Holding on

Originally written as a comment on Marie’s blog.

I’ve always been pretty bad about wanting to hang on to things. Visiting my mother’s family in Illinois as a child, I had two experiences that shocked me and made me think that maybe I was hanging on too tight.

The first was with my cousin Cary. We built a diorama out of paper and aluminum foil of some pretend land. When we were done, my cousin exclaimed, “And the best part about Imaginary World? Destroying it!” And she proceeded to tear what we had just created to shreds.

I was so horrified I couldn’t even react.

Later that same trip, at my Aunt Carol’s house, Carol was teaching me to crochet. I made a long, thin, curly something that I thought was pretty neat.

“Now for the fun part,” Carol intoned. “Destroying it!” And she started to pull at the yarn, tugging the loops apart at the end. (Obviously Cary and Carol spent a fair amount of time together.)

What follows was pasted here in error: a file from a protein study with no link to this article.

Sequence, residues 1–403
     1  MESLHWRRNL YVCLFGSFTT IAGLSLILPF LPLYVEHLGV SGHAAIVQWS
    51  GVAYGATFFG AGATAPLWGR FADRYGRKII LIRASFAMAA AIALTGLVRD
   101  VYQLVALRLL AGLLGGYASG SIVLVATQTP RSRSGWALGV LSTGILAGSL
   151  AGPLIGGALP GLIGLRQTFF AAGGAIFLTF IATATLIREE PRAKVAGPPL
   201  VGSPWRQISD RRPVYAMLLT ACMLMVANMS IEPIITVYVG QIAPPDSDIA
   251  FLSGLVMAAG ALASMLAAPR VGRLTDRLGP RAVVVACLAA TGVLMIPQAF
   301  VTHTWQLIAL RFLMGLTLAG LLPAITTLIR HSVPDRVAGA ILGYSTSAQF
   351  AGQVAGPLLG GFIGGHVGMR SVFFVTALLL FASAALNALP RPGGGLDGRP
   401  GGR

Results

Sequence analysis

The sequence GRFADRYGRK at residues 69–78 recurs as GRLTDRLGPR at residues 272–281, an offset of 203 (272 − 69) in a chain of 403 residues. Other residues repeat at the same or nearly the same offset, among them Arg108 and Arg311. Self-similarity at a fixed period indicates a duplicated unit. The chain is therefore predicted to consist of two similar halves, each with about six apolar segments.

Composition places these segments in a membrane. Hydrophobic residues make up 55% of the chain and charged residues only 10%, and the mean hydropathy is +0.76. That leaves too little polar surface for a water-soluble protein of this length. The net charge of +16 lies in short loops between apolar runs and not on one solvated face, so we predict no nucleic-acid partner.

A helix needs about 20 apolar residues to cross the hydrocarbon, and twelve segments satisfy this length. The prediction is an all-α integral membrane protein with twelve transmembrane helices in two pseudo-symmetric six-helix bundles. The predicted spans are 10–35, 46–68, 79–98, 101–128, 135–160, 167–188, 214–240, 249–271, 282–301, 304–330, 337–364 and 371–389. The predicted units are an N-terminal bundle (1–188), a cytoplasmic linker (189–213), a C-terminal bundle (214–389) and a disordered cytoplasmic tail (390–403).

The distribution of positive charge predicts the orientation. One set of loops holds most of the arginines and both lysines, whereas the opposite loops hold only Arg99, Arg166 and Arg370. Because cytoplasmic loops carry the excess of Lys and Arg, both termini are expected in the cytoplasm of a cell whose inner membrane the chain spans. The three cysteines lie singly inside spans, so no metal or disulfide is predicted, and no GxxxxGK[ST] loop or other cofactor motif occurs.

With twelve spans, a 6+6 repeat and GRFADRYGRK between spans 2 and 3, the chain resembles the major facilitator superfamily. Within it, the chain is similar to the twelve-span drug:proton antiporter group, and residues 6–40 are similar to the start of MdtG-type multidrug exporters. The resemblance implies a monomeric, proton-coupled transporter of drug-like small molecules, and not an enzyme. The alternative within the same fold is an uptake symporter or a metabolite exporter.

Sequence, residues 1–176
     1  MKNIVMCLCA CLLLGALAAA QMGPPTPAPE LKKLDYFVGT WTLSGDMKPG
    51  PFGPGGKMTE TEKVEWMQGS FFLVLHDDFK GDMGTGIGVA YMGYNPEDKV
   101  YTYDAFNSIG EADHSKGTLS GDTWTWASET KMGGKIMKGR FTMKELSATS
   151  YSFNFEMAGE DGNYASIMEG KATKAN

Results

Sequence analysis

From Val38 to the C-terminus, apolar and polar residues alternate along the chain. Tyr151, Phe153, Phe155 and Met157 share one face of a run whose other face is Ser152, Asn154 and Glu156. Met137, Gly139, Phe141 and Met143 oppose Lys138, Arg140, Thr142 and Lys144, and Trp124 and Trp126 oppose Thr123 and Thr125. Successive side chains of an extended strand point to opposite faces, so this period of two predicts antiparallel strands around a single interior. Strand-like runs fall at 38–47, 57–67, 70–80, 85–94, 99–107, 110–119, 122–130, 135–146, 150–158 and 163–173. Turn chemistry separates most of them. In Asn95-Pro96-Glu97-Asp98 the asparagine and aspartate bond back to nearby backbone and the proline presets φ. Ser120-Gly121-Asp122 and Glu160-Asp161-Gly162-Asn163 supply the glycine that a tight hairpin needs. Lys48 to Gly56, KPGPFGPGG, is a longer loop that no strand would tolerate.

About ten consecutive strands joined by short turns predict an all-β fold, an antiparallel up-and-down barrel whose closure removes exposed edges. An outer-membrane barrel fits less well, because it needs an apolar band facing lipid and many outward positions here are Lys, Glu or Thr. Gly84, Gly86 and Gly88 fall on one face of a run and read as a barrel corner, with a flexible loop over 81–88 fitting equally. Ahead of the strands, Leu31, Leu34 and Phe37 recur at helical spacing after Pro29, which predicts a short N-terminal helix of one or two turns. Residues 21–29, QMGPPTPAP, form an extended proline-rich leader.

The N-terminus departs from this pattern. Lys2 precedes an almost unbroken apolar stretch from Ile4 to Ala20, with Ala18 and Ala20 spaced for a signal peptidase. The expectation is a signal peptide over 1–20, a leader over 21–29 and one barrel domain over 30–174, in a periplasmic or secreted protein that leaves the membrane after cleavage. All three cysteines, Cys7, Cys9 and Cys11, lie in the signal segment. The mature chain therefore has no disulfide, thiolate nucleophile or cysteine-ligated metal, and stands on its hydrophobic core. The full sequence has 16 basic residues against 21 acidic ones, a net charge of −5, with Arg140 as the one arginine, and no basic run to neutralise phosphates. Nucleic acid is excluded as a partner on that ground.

This time I thought quickly enough to protest. “No!” I cried. “Don’t destroy it! I want to keep it!”

Carol was taken aback by this. Her previous excitement vanished, and the crocheting session ended.

Her reaction made me wonder if I was being silly. I wondered if I should go along with the destruction to please her.

But I’ve always been stubborn. I said nothing further and kept the strip of woven yarn.

And I kept it for years. In fact, if it hadn’t been for our apartment fire three years ago, I’d still have it, 20 years after disingenuously crocheting it.

Sometimes I wonder if that fire was meant to show me that I hang on too much.